People are engaged, but there’s so much more that could be done. That’s the message champions of the Ontario Alliance of Christian Schools (OACS) eCurriculum site are putting forward.
Beacon Christian School Grade 8 teacher Ron VandenBurg is committed to igniting greater excitement and involvement throughout the OACS membership.
He has a number of ideas for doing so, including making it clear this is a space where imperfections and half-finished work are welcome
“I would like the eCurriculum site to be a messy, wonderful place, where everybody can share ideas and brainstorming and half-lessons and whole lessons — where everybody feels it’s safe to share something and can celebrate each other’s gifts,” says VandenBurg, who describes himself as a passionate artisan of handiwork that includes curriculum ideas and products.
VandenBurg would like to be part of a team encouraging teachers to be active on the site. He envisions groups organizing brainstorming sessions and sharing their ideas online, working towards a long-term goal to shape the original “messiness” into something more constructed.
VandenBurg also has a vision of the community sharing ideas about how they’ve brought the larger biblical story into their classrooms in “all sorts of wonderful ways,” whether that’s through the curriculum itself, in the pedagogy, the atmosphere of the classroom, student-teacher relationships, community involvement, service learning and more.
“I want this to be a place where teachers are excited to be, that it’s one of their bookmarks when they go to the computer and there is an excitement,” VandenBurg adds.
“This is all about building community in so many wonderful ways, and I’m really hoping that as a Christian community of teachers we can create something that is even noticed by others, that they say, ‘Something is going on here that’s extra special.’ ”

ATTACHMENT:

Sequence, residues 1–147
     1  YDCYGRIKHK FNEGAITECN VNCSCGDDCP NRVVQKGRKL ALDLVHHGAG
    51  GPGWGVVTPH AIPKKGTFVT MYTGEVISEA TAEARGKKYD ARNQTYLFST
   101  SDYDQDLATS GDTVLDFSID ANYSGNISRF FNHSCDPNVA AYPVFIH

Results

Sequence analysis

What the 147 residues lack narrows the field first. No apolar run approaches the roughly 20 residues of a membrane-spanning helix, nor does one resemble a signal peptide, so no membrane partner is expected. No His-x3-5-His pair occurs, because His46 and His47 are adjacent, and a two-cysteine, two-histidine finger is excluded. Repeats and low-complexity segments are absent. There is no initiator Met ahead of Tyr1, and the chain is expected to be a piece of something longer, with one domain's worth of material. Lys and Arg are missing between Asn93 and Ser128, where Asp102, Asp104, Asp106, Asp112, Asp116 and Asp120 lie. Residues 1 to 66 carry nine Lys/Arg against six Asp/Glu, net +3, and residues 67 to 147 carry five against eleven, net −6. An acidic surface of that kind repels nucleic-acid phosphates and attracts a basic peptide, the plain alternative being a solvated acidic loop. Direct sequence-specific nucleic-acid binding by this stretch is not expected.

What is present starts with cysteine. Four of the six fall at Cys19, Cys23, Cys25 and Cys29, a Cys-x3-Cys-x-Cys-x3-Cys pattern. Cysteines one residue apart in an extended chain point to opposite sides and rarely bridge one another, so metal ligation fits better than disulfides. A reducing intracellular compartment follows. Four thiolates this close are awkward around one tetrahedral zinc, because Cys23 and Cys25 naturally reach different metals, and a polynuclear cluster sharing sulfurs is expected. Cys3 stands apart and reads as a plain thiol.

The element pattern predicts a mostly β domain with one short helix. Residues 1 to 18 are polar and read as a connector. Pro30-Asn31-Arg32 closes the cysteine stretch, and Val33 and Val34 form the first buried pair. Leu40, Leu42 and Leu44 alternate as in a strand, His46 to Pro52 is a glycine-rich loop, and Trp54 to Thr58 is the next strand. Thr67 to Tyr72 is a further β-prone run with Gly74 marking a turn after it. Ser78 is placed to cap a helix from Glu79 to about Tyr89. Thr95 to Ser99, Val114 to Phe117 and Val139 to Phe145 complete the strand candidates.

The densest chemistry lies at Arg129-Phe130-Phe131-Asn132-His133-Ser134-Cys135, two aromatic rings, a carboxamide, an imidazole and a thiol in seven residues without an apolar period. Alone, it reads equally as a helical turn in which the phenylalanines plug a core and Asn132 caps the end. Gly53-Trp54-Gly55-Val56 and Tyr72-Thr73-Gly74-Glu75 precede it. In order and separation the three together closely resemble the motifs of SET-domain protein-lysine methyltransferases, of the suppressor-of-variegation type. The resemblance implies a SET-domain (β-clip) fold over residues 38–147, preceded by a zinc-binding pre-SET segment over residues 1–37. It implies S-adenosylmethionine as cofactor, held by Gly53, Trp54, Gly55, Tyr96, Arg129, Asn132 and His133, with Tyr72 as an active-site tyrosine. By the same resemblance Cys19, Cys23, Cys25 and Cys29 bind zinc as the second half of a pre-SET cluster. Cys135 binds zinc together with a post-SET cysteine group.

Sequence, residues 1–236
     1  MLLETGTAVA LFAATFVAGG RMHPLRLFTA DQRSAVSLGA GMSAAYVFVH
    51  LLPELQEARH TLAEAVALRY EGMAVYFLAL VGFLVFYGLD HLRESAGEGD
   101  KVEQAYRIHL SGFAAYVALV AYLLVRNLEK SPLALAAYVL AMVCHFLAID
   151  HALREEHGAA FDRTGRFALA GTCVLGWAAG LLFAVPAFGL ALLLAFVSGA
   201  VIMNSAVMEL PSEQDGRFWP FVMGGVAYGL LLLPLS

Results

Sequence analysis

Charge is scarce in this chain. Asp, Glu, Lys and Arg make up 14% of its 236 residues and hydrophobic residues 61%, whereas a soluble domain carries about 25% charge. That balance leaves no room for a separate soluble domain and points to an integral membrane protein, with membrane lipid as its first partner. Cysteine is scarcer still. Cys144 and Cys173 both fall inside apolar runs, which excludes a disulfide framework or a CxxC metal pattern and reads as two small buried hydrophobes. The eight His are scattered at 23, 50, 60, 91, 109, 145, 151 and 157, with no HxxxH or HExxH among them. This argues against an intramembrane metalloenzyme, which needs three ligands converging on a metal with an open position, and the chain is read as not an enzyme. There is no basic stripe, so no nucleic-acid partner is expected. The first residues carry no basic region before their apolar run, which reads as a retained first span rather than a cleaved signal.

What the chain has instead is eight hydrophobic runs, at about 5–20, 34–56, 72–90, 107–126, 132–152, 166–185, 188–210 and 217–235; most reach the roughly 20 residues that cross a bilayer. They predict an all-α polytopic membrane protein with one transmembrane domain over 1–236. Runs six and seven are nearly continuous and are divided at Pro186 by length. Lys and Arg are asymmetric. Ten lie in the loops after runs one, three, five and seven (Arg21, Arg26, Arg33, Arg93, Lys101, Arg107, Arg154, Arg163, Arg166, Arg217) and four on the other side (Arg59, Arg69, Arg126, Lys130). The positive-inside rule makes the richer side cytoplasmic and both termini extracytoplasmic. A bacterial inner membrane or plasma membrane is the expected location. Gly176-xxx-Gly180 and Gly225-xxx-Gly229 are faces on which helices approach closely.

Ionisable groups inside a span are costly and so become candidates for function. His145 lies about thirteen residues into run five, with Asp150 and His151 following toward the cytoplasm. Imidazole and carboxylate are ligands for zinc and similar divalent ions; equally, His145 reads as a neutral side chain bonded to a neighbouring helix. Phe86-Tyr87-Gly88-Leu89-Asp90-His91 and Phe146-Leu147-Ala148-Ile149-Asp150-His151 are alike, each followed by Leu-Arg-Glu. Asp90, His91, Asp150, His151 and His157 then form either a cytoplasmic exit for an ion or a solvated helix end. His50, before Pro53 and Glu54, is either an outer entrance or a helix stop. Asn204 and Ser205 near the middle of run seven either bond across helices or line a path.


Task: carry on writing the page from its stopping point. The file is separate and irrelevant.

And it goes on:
Edifide, a professional association of Ontario Christian educators, has been involved in the eCurriculum site from its beginning and executive director Diane Stronks also sees much opportunity for educators to make fuller use of it.
She notes the extreme busyness of educators and need for strong incentives for them to get involved.
Stronks suggests that creating various projects for people to join could be one of the most effective means to spark this interest.
She says she is particularly excited about the possibility of new curriculum writing using Teaching for Transformation Through-lines. Developed by Doug Monsma of the Prairie Centre for Christian Education, Teaching for Transformation provides a framework for the development of Christian learning experiences that are grounded in a transformational worldview with a focus on the biblical story.
“It’s interesting because the technology has allowed us to build the (eCurriclum) site; now what’s the next step (is the question),” says Stronks.
“I really think the curriculum project, the Teaching for Transformation project, may be the fuel to really get things moving.”
VandenBurg agrees the Alberta-based model has been a great example of what curriculum writing can be, and says he would love to see something similar in Ontario.
Edifide plans to continue to herald the eCurrilum as a go-to place for its membership. Edifide will continue to offer workshops on the site. A Teaching for Transformation session will also take place at the upcoming Edifide conference.